Zumthor goes organic


The Swiss architect experiments organic shapes in a museum for the city that fluctuates over the landscape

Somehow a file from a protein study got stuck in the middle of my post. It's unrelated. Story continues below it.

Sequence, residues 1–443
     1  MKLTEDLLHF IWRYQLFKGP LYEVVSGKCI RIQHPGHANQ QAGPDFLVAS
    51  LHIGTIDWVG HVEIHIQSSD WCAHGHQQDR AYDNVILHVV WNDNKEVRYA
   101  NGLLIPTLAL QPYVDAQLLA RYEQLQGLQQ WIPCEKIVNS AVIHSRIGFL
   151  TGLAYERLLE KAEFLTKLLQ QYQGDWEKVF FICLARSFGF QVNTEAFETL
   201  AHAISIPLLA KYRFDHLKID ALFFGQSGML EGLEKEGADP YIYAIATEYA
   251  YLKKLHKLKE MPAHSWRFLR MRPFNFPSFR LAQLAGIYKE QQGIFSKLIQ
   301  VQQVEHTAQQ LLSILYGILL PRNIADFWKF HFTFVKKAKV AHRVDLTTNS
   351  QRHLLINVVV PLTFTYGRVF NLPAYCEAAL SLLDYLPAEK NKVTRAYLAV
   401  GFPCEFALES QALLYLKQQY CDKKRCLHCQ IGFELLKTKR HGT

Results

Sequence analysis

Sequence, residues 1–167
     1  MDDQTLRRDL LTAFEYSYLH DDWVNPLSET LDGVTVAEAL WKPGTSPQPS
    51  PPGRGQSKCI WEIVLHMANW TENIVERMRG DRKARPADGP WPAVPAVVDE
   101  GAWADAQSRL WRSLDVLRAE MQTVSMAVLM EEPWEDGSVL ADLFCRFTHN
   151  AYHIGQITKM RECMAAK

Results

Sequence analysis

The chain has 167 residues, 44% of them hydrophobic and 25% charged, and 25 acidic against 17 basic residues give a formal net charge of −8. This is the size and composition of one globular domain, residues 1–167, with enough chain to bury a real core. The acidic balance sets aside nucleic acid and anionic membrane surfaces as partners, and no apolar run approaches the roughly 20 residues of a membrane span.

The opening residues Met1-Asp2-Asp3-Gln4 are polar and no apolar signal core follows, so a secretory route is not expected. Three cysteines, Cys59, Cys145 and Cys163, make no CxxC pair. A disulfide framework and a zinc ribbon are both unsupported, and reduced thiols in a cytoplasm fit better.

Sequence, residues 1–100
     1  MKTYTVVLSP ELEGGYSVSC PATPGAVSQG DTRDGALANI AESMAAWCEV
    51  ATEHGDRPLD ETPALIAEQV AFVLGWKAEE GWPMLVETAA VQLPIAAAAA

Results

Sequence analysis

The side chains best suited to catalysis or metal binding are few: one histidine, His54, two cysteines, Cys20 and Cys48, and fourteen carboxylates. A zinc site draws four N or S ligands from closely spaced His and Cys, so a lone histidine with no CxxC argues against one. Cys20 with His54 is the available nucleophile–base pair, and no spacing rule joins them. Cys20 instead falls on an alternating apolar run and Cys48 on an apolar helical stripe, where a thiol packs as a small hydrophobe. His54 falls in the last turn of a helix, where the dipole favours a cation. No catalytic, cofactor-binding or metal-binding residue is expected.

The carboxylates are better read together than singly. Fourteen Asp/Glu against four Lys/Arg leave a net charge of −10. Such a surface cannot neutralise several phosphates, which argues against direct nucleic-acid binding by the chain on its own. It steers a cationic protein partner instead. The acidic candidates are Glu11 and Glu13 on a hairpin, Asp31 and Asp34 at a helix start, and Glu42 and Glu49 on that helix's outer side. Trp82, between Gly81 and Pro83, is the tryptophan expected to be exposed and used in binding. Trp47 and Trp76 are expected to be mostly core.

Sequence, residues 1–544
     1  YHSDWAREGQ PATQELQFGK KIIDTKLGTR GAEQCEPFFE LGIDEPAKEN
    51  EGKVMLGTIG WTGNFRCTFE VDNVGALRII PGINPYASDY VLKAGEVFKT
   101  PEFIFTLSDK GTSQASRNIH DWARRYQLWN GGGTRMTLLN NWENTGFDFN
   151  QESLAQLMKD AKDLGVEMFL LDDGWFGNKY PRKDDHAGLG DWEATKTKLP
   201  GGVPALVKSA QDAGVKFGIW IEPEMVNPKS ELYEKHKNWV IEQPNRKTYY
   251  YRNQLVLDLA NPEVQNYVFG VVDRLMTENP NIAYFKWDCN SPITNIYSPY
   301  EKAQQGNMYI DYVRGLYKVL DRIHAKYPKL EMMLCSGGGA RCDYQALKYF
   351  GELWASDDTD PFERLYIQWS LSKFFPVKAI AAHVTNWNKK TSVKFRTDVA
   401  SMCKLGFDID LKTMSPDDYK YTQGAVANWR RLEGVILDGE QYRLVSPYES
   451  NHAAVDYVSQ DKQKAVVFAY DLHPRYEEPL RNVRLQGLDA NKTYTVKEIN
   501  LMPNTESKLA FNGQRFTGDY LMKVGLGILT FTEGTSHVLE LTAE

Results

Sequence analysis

The Los Angeles County Museum of Art, re-energised over the past seven years by its director, Michael Govan, has unveiled an audacious scheme to replace its decrepit and dysfunctional core. An exhibition of models and drawings, The Presence of the Past: Peter Zumthor Reconsiders LACMA, is on display to 15 September. Taking his cues from the horizontality of LA and the tar pits that adjoin the expansive site, the Swiss architect sketched a biomorphic form comprising a single floor of galleries, wrapped in glass and supported on transparent plinths. The building would hover over landscaped open space like a great black flower, reaching out to Renzo Piano’s axial additions and Bruce Goff’s quirky Japanese Pavilion, as well as to the reticent George Page Museum, which exhibits mastodon bones retrieved from the tar. It’s a design that evolved organically from six years of informal discussions, and it responds to the multi-cultural metropolis, the challenge of the site and the opportunity to present an encyclopaedic collection in an entirely new way.

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